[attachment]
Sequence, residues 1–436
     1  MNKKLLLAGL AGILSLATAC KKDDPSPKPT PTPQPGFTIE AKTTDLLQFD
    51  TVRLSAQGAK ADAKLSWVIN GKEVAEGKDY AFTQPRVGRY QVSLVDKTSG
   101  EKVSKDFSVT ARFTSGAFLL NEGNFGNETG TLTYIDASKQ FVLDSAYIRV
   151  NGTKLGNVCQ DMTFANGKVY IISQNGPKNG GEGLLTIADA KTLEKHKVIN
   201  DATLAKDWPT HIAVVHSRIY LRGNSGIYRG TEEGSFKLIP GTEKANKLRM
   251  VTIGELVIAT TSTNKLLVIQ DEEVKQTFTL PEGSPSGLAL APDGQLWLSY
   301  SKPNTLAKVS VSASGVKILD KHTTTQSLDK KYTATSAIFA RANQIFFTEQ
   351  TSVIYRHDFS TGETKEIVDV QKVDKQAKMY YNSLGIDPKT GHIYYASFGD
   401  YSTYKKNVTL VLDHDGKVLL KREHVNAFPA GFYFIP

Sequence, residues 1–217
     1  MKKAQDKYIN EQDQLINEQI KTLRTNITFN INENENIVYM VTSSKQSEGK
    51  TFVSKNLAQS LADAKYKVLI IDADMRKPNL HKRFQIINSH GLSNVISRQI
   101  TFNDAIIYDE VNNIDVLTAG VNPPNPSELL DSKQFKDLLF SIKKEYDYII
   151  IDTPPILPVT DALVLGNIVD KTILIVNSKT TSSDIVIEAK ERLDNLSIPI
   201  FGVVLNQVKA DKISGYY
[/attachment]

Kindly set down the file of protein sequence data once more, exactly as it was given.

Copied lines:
Sequence, residues 1–436
     1  MNKKLLLAGL AGILSLATAC KKDDPSPKPT PTPQPGFTIE AKTTDLLQFD
    51  TVRLSAQGAK ADAKLSWVIN GKEVAEGKDY AFTQPRVGRY QVSLVDKTSG
   101  EKVSKDFSVT ARFTSGAFLL NEGNFGNETG TLTYIDASKQ FVLDSAYIRV
   151  NGTKLGNVCQ DMTFANGKVY IISQNGPKNG GEGLLTIADA KTLEKHKVIN
   201  DATLAKDWPT HIAVVHSRIY LRGNSGIYRG TEEGSFKLIP GTEKANKLRM
   251  VTIGELVIAT TSTNKLLVIQ DEEVKQTFTL PEGSPSGLAL APDGQLWLSY
   301  SKPNTLAKVS VSASGVKILD KHTTTQSLDK KYTATSAIFA RANQIFFTEQ
   351  TSVIYRHDFS TGETKEIVDV QKVDKQAKMY YNSLGIDPKT GHIYYASFGD
   401  YSTYKKNVTL VLDHDGKVLL KREHVNAFPA GFYFIP

Sequence, residues 1–217
     1  MKKAQDKYIN EQDQLINEQI KTLRTNITFN INENENIVYM VTSSKQSEGK
    51  TFVSKNLAQS LADAKYKVLI IDADMRKPNL HKRFQIINSH GLSNVISRQI
   101  TFNDAIIYDE VNNIDVLTAG VNPPNPSELL DSKQFKDLLF SIKKEYDYII
   151  IDTPPILPVT DALVLGNIVD KTILIVNSKT TSSDIVIEAK ERLDNLSIPI
   201  FGVVLNQVKA DKISGYY